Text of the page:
A friend recommended God, Human, Animal, Machine to me. It’s a sort of series of musing essays trying to understand consciousness and meaning and what technology like AI can tell us about that.
Theoretically, this is very “in my wheelhouse,” but I lost interest and stopped reading about 2/3 of the way through.
Notes and quotes…
534 The metaphor was not original. In his 1954 book The Human Use of Human Beings, Norbert Wiener, the grandfather of cybernetics, wrote that “we are but whirlpools in a river of ever-flowing water. We are not stuff that abides, but patterns that perpetuate themselves.” Wiener was likely alluding to the pre-Socratic philosopher Heraclitus, who observed that it is impossible to step into the same river twice. Like Heraclitus, Wiener was emphasizing the transience of identity, the fact that nature is made of fluid patterns that are always changing. But for Kurzweil, patternism was precisely what made possible the most decisive form of permanence: immortality. A pattern, after all, is essentially computational, which means it can, at least in theory, be transferred onto a computer.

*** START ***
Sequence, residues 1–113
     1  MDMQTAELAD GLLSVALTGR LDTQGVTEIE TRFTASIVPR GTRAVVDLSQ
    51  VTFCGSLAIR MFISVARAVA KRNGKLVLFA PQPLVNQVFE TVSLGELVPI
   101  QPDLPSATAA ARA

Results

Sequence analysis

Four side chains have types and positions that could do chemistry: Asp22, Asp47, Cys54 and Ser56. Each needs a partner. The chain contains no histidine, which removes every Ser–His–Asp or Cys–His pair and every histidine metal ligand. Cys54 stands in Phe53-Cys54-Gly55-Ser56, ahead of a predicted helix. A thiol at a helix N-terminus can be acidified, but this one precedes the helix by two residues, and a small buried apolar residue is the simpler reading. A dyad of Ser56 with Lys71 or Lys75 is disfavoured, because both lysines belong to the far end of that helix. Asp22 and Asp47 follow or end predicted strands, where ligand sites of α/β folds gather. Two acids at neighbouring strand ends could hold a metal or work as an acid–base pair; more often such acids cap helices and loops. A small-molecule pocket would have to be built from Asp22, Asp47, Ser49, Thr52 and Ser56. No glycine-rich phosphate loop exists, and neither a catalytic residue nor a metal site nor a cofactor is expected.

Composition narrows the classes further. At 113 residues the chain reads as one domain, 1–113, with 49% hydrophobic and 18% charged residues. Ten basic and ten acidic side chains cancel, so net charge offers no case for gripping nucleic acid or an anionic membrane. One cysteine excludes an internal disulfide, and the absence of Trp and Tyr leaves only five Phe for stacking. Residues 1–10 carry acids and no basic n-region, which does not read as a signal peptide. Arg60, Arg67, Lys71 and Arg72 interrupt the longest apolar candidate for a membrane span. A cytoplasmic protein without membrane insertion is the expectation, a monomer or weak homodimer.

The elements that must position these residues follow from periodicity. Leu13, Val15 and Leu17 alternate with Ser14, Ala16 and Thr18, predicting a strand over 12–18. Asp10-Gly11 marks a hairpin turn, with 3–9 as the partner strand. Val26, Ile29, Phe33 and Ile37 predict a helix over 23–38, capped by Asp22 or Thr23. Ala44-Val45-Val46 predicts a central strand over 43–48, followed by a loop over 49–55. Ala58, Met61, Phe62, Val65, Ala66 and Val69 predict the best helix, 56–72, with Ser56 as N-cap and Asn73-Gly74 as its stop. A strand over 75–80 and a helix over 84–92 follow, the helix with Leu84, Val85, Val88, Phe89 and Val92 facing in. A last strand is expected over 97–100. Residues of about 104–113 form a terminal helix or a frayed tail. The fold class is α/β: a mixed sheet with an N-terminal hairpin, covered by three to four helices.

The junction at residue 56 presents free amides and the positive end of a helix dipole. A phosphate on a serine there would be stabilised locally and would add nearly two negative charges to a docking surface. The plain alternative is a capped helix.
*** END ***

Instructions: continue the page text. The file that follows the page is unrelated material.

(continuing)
607 Intellectual obsessions never really end; they can only be transposed. Although I became less interested over time in transhumanism as such, the experience led to a more expansive interest in technology and artificial intelligence, fields that are somewhat less speculative and yet similarly run up against the kinds of questions I’d always understood as theological. It was through this broader education that I was able to see transhumanism more clearly and understand where precisely it veered into mystical thinking. More importantly, it became clear to me that my interest in Kurzweil and other technological prophets was a kind of transference. It allowed me to continue obsessing about the theological problems I’d struggled with in Bible school, and was in the end an expression of my sublimated longing for the religious promises I’d abandoned.
- Read God, Human, Animal, Machine by Meghan O’Gieblyn